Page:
Registration opens October 18, 2011.

Produced by

Questions? Email us at jasmine (at) jasminedefoore (dot) com.

The Problem Isn't Photo "Spammers"

A few days ago, a creative director with an axe to grind threw up a poorly conceived website aimed at stopping what he calls "photo spammers". He named specific photographers who he claimed were guilty of being "spammers" because they had sent unsolicited e-promos. He, along with a handful of other creative directors (note: no art buyers signed the list) pledged to not hire these blacklisted photographers. The photo blogosphere lit up (see aphotoeditor.com and mediabistro.com), with people pointing blame at certain photographers, reps, database products like Agency Access and Adbase and email marketing products like MyEmma and Mailchimp.  Said creative director claims he was just trying to start a conversation about a system which is broken.Well he certainly got people talking, but not very constructively.

What nobody seems to be mentioning is that the problem is not the fault of any one party. The problem lies in the fact that there are just too many photographers trying to make a living doing what they love and not enough jobs to go around.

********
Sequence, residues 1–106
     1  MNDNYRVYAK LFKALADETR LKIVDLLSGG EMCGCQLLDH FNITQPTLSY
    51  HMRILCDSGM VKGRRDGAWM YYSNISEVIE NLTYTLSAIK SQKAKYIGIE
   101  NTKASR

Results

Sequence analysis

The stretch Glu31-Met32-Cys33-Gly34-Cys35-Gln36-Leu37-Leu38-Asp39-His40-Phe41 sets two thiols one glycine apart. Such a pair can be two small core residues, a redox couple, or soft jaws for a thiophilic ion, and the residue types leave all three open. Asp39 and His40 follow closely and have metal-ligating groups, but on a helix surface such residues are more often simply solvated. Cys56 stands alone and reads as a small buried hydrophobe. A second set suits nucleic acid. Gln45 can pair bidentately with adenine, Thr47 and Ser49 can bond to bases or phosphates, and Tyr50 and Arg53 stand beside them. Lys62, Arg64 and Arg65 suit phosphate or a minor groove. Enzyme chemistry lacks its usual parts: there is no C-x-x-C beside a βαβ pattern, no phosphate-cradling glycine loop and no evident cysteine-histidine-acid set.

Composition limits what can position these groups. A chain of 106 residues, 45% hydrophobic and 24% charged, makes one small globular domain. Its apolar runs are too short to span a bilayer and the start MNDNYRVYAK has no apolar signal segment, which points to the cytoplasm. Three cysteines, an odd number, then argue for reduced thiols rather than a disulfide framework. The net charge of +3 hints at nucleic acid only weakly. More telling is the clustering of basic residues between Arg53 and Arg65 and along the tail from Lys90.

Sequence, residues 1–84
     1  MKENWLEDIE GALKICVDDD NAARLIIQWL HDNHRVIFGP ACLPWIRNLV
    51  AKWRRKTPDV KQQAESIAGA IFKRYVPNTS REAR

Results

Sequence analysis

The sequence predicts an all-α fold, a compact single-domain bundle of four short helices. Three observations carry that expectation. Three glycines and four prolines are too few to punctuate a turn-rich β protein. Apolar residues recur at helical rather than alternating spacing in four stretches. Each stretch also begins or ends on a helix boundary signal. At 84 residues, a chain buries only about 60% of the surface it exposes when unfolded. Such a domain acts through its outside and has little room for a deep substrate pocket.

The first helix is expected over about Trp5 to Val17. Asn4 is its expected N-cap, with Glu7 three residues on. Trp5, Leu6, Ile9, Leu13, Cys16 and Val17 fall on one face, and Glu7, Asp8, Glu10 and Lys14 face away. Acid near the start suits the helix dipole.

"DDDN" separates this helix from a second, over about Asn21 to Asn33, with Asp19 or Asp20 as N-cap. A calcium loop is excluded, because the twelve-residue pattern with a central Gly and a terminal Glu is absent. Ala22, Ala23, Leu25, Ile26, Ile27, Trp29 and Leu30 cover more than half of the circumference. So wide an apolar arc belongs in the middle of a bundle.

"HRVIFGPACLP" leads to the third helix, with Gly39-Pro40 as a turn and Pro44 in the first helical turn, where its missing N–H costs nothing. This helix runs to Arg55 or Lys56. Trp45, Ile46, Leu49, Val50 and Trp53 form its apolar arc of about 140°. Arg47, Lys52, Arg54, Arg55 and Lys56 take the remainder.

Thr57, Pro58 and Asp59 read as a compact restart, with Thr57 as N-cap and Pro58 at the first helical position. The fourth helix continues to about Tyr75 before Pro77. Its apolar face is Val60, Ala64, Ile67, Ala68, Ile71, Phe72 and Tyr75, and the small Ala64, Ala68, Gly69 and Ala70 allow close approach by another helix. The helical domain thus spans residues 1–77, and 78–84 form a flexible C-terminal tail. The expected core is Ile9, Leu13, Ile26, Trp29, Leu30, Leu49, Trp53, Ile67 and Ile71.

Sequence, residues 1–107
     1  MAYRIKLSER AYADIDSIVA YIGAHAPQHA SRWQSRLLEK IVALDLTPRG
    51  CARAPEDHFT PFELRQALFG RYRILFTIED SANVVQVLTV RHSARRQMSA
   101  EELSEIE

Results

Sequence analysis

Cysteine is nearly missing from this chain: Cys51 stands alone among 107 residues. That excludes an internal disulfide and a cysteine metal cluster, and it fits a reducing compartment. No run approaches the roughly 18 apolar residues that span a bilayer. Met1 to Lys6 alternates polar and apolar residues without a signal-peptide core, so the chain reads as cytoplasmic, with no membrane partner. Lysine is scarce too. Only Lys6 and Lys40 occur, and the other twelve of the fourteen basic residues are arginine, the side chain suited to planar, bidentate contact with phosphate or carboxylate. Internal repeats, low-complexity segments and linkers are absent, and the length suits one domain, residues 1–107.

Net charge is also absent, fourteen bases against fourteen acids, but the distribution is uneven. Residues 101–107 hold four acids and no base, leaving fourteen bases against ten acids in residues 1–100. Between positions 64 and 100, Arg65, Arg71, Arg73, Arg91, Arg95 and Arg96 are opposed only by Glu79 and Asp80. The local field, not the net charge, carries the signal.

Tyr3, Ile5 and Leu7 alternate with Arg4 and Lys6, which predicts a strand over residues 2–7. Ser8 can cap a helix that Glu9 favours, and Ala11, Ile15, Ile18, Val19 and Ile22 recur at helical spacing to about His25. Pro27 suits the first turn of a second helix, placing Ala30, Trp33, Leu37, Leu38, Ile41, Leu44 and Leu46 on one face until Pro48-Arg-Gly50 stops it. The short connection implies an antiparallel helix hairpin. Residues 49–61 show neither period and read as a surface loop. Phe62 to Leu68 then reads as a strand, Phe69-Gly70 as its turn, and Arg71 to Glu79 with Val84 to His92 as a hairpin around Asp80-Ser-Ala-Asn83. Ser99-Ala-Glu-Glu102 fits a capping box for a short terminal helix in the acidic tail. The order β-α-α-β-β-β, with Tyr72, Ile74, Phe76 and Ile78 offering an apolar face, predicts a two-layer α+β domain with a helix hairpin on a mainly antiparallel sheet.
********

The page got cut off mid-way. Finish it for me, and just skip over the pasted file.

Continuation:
The barriers to entry into the profession continues to dwindle. Technology has made it very easy to make good looking pictures. iPhone photos are winning World Press Photo and being published in Martha Stewart and The New Yorker.  (I'm not saying all you need is an iPhone to be a good photographer... of course you have to have a good eye and a sense for what makes a compelling image). Technology won't slow down, so this is a given that we have to accept.

And at the same time that it is getting easier and cheaper to make great pictures, there are fewer ways to make a decent living doing it. This has been argued to death on other sites and I won't go too much into it. But it's important to admit that the pie is getting smaller and there are a lot more people wanting a slice.

Staff changes at the places that hire photographers have made it so that art buyers, photo editors and creative directors are responsible for a bigger workload than ever before. So they have even less time to be sifting through e-promos, yet the amount they are getting is at an all time high.

Not to mention the erosion of copyright and the licensing model...

To say the system of self-promotion is broken is too simplistic. A well thought out and well-targeted marketing plan that uses a combination of producing new work, sending print promos, e-promos/newsletters, social networking, in-person networking and following up is still essential.